Putting the insulating spacers on comes next. The spacers are soft UPVC, so they cut quite neatly. After trying a chisel and a sharp box cutter, I ended up using a sharp pair of wire cutters. These had a real knife edge and cut the plastic cleanly and with little deformation.

A thin bead of Loctite 438 was run down the middle of each precut insulator. To spread the glue a bit I rubbed the plastic section back and forth against the perf steel. Ordinary old clothes pegs worked fine as mini-clamps. The Loctite 438 is a toughened black water-thin glue. It sets in seconds and seems really strong. Being black it makes no mess and leaves no white fumes across the work, which is a problem with the standard stuff.


Curvature means the top and bottom spacers needed a bit of rounding off to remove high spots at the very corners.

Two mm thick double sided tape is used as the horizontal supporting insulators. This is the Biolink tape. Odd stuff, it has a squishy clear base. Not sure of its composition, but it's nearly a jelly. Pulling on the tape stretches it out like a jelly snake lolly. I have no idea what the acoustic quality of this really soft, flexible material will be, but I'm betting it'll be quite damping of resonances. Could be a good thing.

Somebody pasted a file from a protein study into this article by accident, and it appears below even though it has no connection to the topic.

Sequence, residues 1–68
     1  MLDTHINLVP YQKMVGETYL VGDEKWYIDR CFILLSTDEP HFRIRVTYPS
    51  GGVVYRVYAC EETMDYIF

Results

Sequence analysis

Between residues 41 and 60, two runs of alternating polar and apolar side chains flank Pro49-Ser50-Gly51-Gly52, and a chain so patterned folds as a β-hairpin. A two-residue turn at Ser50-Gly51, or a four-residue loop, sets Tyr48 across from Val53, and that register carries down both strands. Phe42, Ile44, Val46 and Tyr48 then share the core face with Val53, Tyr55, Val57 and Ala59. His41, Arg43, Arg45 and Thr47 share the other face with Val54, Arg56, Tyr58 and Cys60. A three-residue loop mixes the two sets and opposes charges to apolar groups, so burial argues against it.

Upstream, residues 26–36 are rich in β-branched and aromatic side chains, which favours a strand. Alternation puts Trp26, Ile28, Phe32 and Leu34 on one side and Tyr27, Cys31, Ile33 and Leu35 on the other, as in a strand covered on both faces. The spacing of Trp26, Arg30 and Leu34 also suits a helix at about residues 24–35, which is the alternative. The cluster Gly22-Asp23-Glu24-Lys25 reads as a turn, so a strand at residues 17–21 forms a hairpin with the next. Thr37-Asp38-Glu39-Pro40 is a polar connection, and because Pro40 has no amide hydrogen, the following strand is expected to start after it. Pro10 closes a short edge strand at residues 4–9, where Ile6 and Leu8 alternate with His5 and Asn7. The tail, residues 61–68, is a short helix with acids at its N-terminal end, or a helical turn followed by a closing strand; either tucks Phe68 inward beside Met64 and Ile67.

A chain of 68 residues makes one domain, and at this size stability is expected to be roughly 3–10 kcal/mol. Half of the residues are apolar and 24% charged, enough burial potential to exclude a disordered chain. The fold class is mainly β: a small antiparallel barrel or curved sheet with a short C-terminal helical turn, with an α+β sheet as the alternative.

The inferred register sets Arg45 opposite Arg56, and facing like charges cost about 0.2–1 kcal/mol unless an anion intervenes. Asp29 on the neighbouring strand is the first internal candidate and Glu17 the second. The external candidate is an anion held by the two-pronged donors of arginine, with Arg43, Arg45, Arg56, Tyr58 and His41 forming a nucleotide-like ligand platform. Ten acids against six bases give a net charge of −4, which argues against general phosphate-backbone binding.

Circumferential insulator spacing was varied to broaden any bass resonance. An pseudo-random pattern was chosen with 12 sections over 1000 mm. This makes each section just 85 mm wide, a D/S ratio of just 40 or so. The MLs have an even lower D/S ratio of about 30 by my estimation. This is way lower than usual (80 - 100) but is probably necessary with the more tightly curved stators. The sections nearest the bass unit was made quite narrow to help it resist being blown into the stators by the woofer. ML do this too. This coupling can be a problem, so a thin section may be able to resist.

A 'cartoon' of the tape positions was drawn onto a large sheet of heavy paper using a 0.8 mm permanent marker. This was a good guide to follow for placing the first set of cross spacers. The second was placed by lining the two pieces of perf steel up and clamping them together. The tape for the second sheet was then just put directly on top of the tape in the first sheet. The two ended up agreeing nicely. The blue plastic cover on the second adhesive side is left in place for now until the two sides are assembled.